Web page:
English transcripts were imported into the coding software programme NVivo Version 11. Iterative and detailed transcript readings allowed a gradual familiarisation with and immersion into the data material. Thematic analysis followed the framework approach with pre-defined codes developed a priori on the basis of study aim, which were further supplemented by codes emerging from data analysis [25, 26]. Both deductive and inductive codes were included in a NVivo coding set. During flexible, recursive and interpretative analysis, text segments of interest were compared, contrasted and attached to appropriate codes. The data analysis was process-oriented and took place both during and after fieldwork through briefing sessions and discussions within the research team. This analytic path has facilitated extraction of meaning and discovery of regularities, similarities and divergence in the data material.
Ethical approval for the PMC trial and its sub-studies was granted from the College of Medicine Research and Ethics Committee (COMREC) and the Pharmacies and Poisons Board of Malawi, as well as the Regional Committees for Medical and Health Research Ethics in Norway. During enrolment to the main study, a written informed consent was obtained from all caregivers of study participants. Additionally, a new written informed consent was collected from caregivers selected for qualitative interviews and group discussions. In cases of low literacy, informants would sign with a thumbprint or a witness signed on behalf of the informant. One consent form was kept by study staff, whilst another was given to the informant. All informants were masked with study ID numbers to ensure anonymity during IDIs and FGDs. Statements included in this article carry no personal identifiers. Data material is securely stored, and can only be accessed by study staff.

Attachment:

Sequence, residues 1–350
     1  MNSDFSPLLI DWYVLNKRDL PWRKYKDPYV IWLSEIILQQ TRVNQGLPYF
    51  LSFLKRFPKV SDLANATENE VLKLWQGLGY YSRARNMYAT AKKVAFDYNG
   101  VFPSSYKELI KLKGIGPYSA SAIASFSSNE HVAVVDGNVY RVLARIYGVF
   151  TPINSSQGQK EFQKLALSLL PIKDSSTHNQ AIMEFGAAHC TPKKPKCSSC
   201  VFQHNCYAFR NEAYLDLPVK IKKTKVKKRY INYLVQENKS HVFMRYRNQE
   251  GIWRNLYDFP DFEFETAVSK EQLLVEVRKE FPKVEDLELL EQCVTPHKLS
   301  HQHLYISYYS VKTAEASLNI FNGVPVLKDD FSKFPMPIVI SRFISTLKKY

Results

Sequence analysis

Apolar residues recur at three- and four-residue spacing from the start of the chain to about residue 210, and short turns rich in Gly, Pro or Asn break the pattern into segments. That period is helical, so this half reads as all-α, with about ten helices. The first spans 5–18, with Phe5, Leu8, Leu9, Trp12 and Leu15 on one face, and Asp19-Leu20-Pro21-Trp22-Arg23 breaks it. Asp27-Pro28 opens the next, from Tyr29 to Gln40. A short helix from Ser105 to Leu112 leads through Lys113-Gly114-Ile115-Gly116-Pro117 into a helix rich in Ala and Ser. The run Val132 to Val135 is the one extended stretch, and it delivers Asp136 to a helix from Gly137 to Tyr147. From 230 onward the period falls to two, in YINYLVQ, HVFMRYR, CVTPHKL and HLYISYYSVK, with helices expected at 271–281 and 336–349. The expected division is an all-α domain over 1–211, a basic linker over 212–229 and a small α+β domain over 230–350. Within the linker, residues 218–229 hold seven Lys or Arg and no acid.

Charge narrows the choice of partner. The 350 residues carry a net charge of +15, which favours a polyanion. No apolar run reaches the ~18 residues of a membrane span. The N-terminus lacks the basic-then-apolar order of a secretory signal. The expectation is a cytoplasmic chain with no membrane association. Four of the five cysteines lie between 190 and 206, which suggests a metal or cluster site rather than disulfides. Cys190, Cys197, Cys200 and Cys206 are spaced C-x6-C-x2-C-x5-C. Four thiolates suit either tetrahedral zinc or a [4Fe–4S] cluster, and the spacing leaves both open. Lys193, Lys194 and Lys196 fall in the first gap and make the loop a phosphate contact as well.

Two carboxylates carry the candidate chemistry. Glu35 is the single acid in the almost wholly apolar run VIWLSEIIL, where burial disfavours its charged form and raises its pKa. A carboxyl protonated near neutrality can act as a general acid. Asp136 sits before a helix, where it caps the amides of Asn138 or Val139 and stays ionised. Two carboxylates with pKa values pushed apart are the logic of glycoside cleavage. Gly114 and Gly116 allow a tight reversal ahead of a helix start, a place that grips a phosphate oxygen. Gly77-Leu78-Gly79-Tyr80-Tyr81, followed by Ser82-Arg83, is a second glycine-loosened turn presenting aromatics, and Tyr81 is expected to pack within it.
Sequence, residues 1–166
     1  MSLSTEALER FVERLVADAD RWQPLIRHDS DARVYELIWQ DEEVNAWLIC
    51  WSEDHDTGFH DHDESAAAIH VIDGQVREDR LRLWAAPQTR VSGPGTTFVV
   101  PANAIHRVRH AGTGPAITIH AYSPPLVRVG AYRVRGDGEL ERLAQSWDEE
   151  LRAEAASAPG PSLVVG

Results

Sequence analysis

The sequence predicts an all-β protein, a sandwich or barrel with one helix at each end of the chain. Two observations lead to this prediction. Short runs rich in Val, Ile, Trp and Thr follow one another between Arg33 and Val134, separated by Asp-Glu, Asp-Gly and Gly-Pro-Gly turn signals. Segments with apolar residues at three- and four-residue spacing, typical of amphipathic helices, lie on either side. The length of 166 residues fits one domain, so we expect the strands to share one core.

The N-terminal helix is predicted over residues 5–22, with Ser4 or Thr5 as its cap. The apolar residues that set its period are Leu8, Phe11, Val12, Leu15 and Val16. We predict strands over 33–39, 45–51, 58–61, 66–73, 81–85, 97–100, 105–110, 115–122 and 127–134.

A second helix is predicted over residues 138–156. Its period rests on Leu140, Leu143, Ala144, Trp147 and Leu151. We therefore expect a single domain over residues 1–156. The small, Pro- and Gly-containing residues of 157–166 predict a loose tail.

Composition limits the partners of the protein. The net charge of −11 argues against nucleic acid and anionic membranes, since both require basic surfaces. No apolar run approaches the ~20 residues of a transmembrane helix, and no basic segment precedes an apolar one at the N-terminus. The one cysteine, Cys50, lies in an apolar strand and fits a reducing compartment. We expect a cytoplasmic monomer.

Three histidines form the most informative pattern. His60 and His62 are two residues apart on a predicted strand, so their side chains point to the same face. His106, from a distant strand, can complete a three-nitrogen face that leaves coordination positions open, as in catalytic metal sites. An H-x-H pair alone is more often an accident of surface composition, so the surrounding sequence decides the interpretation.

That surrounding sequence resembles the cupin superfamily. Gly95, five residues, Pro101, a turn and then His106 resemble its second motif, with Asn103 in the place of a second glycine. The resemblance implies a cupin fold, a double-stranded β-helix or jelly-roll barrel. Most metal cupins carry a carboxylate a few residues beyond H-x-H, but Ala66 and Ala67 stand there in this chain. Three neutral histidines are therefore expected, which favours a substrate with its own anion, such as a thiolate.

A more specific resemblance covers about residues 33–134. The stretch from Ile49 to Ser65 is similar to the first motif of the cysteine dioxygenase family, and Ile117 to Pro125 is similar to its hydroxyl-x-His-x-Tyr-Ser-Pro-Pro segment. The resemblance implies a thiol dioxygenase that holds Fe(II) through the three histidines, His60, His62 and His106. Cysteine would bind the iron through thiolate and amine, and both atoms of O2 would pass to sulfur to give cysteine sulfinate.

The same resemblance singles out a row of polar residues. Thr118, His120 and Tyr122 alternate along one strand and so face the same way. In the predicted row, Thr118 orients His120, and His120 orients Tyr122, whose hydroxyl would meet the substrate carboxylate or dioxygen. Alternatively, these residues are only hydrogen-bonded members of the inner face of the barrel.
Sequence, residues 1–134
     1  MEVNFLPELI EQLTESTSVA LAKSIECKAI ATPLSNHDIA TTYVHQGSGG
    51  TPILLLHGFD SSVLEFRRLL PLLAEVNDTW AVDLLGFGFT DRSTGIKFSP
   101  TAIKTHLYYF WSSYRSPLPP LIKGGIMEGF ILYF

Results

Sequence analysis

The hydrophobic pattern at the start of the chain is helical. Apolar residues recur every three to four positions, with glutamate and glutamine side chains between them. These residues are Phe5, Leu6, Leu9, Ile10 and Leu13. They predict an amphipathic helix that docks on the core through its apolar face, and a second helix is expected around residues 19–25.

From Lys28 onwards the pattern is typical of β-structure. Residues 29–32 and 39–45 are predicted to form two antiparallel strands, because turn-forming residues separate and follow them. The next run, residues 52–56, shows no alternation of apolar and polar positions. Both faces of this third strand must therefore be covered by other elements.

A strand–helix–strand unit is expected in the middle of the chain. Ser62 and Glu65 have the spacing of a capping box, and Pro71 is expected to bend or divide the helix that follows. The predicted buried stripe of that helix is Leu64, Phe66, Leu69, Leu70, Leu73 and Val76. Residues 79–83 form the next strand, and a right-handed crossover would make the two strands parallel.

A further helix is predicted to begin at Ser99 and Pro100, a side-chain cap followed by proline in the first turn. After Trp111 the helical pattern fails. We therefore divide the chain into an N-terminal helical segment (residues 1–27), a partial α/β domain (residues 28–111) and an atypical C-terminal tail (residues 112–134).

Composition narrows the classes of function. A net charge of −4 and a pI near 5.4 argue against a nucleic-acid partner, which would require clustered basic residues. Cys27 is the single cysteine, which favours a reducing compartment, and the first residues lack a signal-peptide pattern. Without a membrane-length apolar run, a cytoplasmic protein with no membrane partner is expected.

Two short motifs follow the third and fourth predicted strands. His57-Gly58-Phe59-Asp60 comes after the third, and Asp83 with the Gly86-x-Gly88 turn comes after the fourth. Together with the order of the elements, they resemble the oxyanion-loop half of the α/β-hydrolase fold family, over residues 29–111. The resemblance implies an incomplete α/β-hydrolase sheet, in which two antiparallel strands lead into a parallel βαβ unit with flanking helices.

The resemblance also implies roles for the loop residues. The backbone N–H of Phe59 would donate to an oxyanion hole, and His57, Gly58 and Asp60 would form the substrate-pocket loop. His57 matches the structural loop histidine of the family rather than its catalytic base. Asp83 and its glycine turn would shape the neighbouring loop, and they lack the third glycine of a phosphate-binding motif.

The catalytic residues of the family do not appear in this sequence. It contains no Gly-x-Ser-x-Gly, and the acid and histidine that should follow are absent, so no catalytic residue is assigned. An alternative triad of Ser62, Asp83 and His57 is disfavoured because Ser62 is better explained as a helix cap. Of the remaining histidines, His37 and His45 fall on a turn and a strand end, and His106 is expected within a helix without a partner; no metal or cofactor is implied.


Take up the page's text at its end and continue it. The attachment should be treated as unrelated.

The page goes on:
In this section we explore how caregivers consider benefits and barriers of community- and facility-based delivery of PMC (Table 3), and their thoughts on use of health card, text message reminders or HSA visits to remember treatment dates (Table 4).
Facility- versus community-based delivery of PMC
During research interviews and discussions, the issue of transportation emerged as a potential barrier of facility-based delivery. Nearly all informants live in rural, hard-to-reach areas of the Zomba district. On their way to the hospital, they often walk in addition to utilising various modes of transport; like bicycle taxis and minibuses. Roads can be narrow, bumpy and in some places non-existent - and during the rainy season navigation is especially difficult. Nevertheless, according to informants the main hurdle in the facility-based study arms was lack of money to cover travel expenses. Many caregivers tackled this issue by doing extra labour or selling belongings. When pre-defined drug collection dates were near, they would strategically plan how to gather sufficient amounts of travel money: